They've organized stress tests, overseen initial public offerings and made it to the executive suite—all before turning 40.

Meet some of the banking industry's youngest chief financial officers. Aside from ambition, what makes these young CFOs notable is that they cut their teeth in banking at the peak of the subprime mortgage bust. It was a once-in-a-generation opportunity to learn about the risk in banking by putting them in the front row. The opportunity put these young bankers on the fast-track to the one of the top spots in their organizations.

"I would have hated to come through during the great, wonderful years of 2003 and 2007, when things were just peachy keen, and you could charge whatever you wanted and leave at 12 noon to go play golf," said David Beaver, 32, who serves as CFO at Uwharrie Bank in Albemarle, N.C.

Not surprisingly, the young CFOs have sterling sets of credentials. Their resumes list advanced degrees and experience at large accounting firms. They also acknowledge a considerable amount of good luck.

"Timing is everything and is sometimes out of your control," said Mark Chancy, who was 40 when he was named CFO of the $186 billion-asset SunTrust Banks in 2004. He was also named CFO of Robinson Humphrey, the investment bank acquired by SunTrust in 2001, when he was 33.

Analyst training programs offer the best way to gain a wide range of experience in a short amount of time, said Chancy, who is currently SunTrust's wholesale banking executive. "Learning the different businesses, learning how to construct a different capital structure, the analytical work, the financial statement review — it's a terrific first job," he said.

While Chancy benefited from a structured training program, others were essentially baptized by fire.

These young CFOs were trained in a topsy-turvy economy following the 2008 downturn, when no one knew what was going on or what would happen next. They spent their formative years analyzing balance sheets saddled with problem assets. They watched their mentors struggle to keep their banks afloat through the crisis. And they took good notes.

Nicole Carrillo, the CFO of the $5 billion-asset Opus Bank in Irvine, Calif., had an up-close view of the financial crisis while working as a bank auditor in California.

Carrillo, 34, joined Opus four years ago, after a decade-long stint at KPMG. When the markets began to turn in 2008, she witnessed up-close some of the country's biggest bank failures.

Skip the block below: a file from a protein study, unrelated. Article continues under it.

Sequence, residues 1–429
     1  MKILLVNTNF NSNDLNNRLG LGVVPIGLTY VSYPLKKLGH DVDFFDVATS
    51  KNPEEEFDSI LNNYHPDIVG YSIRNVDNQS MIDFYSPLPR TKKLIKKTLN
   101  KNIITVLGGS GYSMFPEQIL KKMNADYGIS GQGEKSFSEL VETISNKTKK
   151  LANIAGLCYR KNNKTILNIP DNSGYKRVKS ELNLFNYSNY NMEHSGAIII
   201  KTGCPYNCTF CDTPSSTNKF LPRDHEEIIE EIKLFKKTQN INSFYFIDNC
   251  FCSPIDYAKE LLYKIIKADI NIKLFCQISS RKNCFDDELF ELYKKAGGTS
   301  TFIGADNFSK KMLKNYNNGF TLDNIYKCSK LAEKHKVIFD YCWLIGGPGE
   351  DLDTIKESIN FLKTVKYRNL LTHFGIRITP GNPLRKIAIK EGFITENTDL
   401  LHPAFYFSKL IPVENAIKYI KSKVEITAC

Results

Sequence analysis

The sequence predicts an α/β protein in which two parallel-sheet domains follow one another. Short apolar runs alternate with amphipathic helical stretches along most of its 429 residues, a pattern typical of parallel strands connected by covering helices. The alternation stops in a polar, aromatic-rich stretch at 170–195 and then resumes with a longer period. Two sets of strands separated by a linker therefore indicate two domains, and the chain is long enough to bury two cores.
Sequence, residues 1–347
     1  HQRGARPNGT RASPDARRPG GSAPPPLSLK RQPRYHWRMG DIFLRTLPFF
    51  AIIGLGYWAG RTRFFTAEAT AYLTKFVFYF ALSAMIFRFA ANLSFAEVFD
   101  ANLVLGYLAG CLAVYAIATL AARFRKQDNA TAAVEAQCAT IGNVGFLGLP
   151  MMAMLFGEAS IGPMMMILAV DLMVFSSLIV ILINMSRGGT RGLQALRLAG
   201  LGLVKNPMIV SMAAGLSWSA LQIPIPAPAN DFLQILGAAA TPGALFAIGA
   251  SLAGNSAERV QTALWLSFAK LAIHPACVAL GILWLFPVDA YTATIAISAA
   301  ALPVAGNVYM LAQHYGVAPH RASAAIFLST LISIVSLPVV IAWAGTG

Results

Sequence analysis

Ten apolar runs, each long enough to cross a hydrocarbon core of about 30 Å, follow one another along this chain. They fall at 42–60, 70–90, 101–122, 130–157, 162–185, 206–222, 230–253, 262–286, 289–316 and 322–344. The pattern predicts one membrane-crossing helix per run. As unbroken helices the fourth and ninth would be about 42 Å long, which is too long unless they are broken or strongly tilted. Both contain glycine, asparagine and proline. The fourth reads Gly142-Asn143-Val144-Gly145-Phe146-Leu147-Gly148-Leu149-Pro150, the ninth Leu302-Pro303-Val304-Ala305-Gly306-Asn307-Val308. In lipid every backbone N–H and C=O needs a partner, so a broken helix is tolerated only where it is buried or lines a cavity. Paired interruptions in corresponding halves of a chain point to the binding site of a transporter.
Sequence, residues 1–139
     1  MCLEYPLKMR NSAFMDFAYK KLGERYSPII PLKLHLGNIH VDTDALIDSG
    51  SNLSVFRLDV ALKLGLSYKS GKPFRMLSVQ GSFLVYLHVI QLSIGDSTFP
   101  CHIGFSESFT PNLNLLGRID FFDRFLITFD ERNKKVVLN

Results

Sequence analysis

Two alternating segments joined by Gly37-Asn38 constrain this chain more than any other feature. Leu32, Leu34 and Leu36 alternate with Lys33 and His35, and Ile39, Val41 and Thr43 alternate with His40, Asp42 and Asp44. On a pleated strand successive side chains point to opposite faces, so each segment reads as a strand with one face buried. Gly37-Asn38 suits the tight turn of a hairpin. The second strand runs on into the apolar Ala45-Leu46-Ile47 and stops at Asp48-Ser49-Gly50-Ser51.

"There was a period of two years when I was changing clients all the time because they were just going under," Carrillo said. Her clients included Countrywide Financial, which was acquired by Bank of America, and Downey Savings Bank, which was acquired by U.S. Bancorp from the Federal Deposit Insurance Corp. following its failure.

It was a crash course in financial management. The banks that survived understood that "things don't happen in isolation" in financial markets, she said. They had also invested in state-of-the-art forecasting software, and could predict the fallout from faulty mortgages.

"Honestly, my clients that did not make it were the ones that we struggled with every quarter, where we repeatedly had to ask, 'Why didn't you downgrade those loans?' " Carrillo said.

Carrillo's experience during the crisis has informed her current role as CFO at Opus, a fast-growing community bank that, she said, is expected to top $10 billion in assets within five years.

After watching small banks struggle with analytics, she's made it a priority at Opus to rely on technology for as many processes as possible—even with groups outside of her supervision. For instance, she recently worked with the credit division to automate the bank's allowance calculation.

"We should be able to automate as much as we can, to dig in and understand trends," Carrillo said. "To really get smart on credit, I have to understand what's driving it."

Holly Flowers, CFO at the $137 billion-asset Fifth Third's Cincinnati affiliate, found her leg up in the industry with the stress testing exercises that became a cornerstone of risk management following the crisis.